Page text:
HBO, which had also backed Tanner '88, continued their habit for courting high profile talent, like Clooney and Soderbergh, and gave them the creative freedom to experiment. K Street had no scripts or written outlines and no one took a writing credit. All the dialogue was improvised, but all the locations and guest appearance were pre-arranged. On Monday mornings, Clooney and Soderbergh, along with their creative team and the actors, would meet and discuss the news that occurred over the weekend, read all the newspapers for the morning, and pick the topical news item that would be the focus for that week's episode. They would shoot for two-and-a-half days, edit for two days and then it would air on Sunday. Soderbergh directed, edited and acted as cinematographer for all ten episodes. Principal photography usually ended on Wednesday, sometimes Thursday, with the director editing right up to the Friday deadline.

K Street received mostly negative reviews from mainstream critics. The New York Times' Alessandra Stanley wrote, “Mr. Soderbergh's original idea was to fuse real people and up-to-the-minute political happenings into a drama about Washington. But in the first episode, at least, the director did the reverse: he built a superstructure of Washington retreads and threaded it with the thinnest filament of fictional intrigue.” In his review for the Washington Post, Tom Shales wrote, “K Street is highly unlikely to become a national sensation, but in big cities of the East it ought to be quite the conversation piece-for a little while anyway. In a sense, the show comes off like a marvelous party, but one to which many of us are bound to feel profoundly uninvited.” USA Today gave it one-and-a-half out four stars and Robert Bianco felt that it was a “pointlessly rambling inside look at Washington's spindocracy - a self-contained, self-satisfied group of political hangers-on who are fascinating to each other and of no interest to anyone else.” However, in her review for the Los Angeles Times, Manohla Dargis wrote, “Brainy, beautifully shot, consistently funny and audacious in its disregard for narrative convention, this HBO show about the power elite in Washington was among the very best and most misunderstood cultural achievements of the year.”

One way to look at K Street is that the topical news storyline is merely window-dressing while the heart of the show is the dynamic between the gregarious James and his no-nonsense wife Mary. The most entertaining parts of the show are when they argue. For non-actors they are very charismatic and act naturally in front of the camera. The problem with K Street, and what dates it, is its ripped-from-the-headlines format so that you wonder who some of these people are that our protagonists interact with. Unless you are politically savvy there is the real possibility of feeling frustrated like you're missing something. The show doesn't spoon-feed its audience and assumes that they follow the daily news, which is probably why it didn't last long.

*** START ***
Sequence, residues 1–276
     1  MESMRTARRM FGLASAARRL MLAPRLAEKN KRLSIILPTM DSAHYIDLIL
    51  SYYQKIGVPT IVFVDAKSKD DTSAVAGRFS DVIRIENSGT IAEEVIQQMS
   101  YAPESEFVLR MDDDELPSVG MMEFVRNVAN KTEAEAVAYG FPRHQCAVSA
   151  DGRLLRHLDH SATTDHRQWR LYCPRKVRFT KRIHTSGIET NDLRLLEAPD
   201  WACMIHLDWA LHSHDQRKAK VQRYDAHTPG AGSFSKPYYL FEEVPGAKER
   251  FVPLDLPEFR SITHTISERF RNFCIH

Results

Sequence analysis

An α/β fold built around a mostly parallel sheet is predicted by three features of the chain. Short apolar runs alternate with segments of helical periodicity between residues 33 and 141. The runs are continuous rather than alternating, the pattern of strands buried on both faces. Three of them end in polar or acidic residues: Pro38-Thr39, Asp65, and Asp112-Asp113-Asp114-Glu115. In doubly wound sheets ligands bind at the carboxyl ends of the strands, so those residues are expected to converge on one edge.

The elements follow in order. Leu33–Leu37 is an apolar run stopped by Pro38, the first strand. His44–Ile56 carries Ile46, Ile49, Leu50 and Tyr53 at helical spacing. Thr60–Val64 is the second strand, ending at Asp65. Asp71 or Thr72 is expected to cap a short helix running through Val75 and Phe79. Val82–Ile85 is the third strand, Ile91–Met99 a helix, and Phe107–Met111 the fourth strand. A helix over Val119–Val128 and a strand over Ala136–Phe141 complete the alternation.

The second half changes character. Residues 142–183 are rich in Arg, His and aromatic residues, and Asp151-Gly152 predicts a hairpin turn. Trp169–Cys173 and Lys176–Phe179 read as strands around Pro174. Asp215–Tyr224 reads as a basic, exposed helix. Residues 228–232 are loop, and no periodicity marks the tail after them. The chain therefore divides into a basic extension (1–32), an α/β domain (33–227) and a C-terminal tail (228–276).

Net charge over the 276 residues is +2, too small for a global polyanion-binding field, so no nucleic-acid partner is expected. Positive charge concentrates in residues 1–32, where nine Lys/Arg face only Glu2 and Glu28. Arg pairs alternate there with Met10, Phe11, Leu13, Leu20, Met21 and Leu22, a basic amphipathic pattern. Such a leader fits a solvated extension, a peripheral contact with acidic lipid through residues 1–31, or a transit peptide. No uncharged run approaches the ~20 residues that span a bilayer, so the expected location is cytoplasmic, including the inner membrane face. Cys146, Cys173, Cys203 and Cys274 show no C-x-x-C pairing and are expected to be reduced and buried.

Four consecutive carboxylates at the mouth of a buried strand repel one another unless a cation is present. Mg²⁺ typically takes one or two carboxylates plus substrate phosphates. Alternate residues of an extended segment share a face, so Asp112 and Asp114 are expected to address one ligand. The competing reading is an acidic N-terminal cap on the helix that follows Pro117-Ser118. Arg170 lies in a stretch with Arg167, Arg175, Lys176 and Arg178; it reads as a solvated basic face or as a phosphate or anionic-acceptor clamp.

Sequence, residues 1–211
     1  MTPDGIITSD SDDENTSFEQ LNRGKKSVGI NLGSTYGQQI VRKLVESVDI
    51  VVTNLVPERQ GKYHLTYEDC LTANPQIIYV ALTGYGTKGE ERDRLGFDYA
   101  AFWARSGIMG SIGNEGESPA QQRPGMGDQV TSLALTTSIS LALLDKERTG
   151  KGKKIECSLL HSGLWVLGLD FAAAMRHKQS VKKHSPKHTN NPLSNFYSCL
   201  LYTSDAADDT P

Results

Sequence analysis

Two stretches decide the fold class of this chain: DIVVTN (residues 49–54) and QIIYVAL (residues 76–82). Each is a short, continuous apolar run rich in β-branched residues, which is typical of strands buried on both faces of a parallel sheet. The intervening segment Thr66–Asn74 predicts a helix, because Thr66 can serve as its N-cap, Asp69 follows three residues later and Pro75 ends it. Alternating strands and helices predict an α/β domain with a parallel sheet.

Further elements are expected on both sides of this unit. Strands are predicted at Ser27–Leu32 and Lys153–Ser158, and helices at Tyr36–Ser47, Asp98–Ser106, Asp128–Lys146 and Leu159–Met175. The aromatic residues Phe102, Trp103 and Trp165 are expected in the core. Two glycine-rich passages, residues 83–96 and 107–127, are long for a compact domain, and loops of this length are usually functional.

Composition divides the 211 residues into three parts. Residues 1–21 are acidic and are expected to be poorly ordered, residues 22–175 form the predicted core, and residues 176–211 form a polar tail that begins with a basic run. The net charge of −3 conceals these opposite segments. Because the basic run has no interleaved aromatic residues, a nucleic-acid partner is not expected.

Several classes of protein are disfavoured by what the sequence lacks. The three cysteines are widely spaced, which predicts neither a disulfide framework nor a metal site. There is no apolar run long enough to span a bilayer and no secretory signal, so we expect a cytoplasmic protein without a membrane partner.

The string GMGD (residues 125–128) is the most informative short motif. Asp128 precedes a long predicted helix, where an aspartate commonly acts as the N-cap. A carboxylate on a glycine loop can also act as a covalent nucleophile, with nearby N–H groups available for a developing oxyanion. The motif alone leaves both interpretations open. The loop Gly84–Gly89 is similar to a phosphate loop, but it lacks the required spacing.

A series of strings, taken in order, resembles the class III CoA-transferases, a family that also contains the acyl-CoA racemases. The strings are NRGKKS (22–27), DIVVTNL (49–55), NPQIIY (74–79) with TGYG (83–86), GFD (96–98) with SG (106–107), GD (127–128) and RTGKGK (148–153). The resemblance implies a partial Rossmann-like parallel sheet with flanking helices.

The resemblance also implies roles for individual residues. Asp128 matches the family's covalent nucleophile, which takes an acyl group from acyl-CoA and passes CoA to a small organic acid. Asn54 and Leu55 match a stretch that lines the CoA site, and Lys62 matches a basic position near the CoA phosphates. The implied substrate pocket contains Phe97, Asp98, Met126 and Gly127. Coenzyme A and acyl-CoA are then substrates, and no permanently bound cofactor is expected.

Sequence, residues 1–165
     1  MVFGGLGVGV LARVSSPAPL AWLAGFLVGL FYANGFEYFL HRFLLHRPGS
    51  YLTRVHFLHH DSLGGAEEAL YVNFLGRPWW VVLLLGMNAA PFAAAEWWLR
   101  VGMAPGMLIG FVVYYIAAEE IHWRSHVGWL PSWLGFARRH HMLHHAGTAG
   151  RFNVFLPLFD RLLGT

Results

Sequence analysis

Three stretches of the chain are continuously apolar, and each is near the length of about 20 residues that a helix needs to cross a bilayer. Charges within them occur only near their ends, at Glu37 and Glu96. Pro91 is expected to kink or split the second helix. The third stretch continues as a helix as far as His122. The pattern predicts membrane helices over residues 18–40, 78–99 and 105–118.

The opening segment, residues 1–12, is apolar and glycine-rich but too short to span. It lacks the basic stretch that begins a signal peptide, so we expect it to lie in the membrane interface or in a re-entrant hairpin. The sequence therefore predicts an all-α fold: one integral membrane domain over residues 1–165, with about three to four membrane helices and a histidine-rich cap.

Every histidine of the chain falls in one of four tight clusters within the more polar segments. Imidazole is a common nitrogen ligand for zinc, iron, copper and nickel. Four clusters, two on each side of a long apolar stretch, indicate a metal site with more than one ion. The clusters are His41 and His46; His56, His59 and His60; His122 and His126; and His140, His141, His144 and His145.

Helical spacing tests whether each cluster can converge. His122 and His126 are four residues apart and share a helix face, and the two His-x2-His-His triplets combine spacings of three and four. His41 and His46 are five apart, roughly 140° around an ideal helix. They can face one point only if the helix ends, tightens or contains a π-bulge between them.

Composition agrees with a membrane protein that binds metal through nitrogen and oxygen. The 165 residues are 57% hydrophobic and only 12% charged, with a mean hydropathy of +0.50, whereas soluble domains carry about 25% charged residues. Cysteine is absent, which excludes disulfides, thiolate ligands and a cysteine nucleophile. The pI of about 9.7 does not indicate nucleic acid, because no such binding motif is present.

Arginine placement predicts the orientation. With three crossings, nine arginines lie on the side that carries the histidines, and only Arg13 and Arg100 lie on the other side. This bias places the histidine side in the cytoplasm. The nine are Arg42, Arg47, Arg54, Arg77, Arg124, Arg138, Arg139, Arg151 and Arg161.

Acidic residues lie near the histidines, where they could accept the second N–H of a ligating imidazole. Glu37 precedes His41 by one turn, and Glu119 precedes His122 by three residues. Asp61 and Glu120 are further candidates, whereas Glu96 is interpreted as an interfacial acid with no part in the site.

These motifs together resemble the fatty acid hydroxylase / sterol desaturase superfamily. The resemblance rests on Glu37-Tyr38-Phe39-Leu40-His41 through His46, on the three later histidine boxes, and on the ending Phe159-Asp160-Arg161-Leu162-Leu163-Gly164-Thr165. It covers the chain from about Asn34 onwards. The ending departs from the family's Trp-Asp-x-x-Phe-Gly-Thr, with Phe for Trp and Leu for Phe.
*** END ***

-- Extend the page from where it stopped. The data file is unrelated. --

That being said, in this day and age of Google and Wikipedia, it wouldn't be too hard to figure out who everyone is and their significance, but most people don't want to do that kind of legwork. At its best, K Street shows what a PR firm does - lobbying politicians, creating ad campaigns and running them through test groups, and so on. Clooney and Soderbergh should be commended for updating what Wexler and Altman did before them, but the immediacy of a lot of the subject matter dates the show, which ultimately prevents it from being something truly great instead of being merely a curious footnote in both of their respective careers.


SOURCES

Frey, Jennifer. “Hollywood Cues the Capitol.” Washington Post. September 13, 2003.

Galupo, Scott. “K Street: Potholes or Road to Fame?” Washington Times. September 12, 2003.

McCollum, Charlie. “K Street is Fresh Fictional Avenue for Real Issues.” San Jose Mercury News. September 11, 2003.

McConnell, Bill. “Hollywood Goes to Washington.” Broadcasting and Cable. September 8, 2003.

Mullins, Brody. “HBO Gets Ready to Take on K Street.” Roll Call. August 4, 2003.

Taubin, Amy. “K Street: Washington Inside-Out.” Film Comment.

Friday, July 19, 2013

Pacific Rim

It’s been five long years since Guillermo del Toro directed a film. It certainly hasn’t been from a lack of trying as he was all set to direct The Hobbit: An Unexpected Journey (2012) before legal studio wrangling prompted him to depart the production. Then, he came close to realizing his dream project, an adaptation of H.P. Lovecraft’s At the Mountains of Madness, but the studio balked at a big budget R-rated monster movie and that fell through. Frustrated, Del Toro jumped at the opportunity to direct Pacific Rim (2013), an epic science fiction film that he was already producing and co-writing with Travis Beacham (Clash of the Titans). The film fits rather nicely in Del Toro’s wheelhouse as it involves massive battles between giant monsters and human-operated robots.